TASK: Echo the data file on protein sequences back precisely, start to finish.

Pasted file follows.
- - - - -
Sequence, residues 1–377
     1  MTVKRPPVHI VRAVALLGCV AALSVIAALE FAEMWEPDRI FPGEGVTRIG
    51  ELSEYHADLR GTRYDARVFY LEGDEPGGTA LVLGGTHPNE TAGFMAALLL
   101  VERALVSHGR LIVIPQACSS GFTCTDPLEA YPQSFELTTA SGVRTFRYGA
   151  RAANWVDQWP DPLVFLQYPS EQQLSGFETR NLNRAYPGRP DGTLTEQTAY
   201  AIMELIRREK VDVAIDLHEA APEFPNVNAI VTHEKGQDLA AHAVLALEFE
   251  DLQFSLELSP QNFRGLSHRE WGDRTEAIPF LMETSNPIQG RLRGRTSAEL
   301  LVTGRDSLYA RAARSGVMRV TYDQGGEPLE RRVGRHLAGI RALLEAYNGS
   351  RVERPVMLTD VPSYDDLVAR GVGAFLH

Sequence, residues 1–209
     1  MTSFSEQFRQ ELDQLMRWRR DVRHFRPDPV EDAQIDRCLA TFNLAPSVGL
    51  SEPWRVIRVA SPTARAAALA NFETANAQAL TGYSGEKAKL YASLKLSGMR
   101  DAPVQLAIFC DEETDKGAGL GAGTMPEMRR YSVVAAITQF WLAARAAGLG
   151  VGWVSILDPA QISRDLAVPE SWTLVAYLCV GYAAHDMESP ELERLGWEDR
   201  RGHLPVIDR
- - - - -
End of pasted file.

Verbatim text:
Sequence, residues 1–377
     1  MTVKRPPVHI VRAVALLGCV AALSVIAALE FAEMWEPDRI FPGEGVTRIG
    51  ELSEYHADLR GTRYDARVFY LEGDEPGGTA LVLGGTHPNE TAGFMAALLL
   101  VERALVSHGR LIVIPQACSS GFTCTDPLEA YPQSFELTTA SGVRTFRYGA
   151  RAANWVDQWP DPLVFLQYPS EQQLSGFETR NLNRAYPGRP DGTLTEQTAY
   201  AIMELIRREK VDVAIDLHEA APEFPNVNAI VTHEKGQDLA AHAVLALEFE
   251  DLQFSLELSP QNFRGLSHRE WGDRTEAIPF LMETSNPIQG RLRGRTSAEL
   301  LVTGRDSLYA RAARSGVMRV TYDQGGEPLE RRVGRHLAGI RALLEAYNGS
   351  RVERPVMLTD VPSYDDLVAR GVGAFLH

Sequence, residues 1–209
     1  MTSFSEQFRQ ELDQLMRWRR DVRHFRPDPV EDAQIDRCLA TFNLAPSVGL
    51  SEPWRVIRVA SPTARAAALA NFETANAQAL TGYSGEKAKL YASLKLSGMR
   101  DAPVQLAIFC DEETDKGAGL GAGTMPEMRR YSVVAAITQF WLAARAAGLG
   151  VGWVSILDPA QISRDLAVPE SWTLVAYLCV GYAAHDMESP ELERLGWEDR
   201  RGHLPVIDR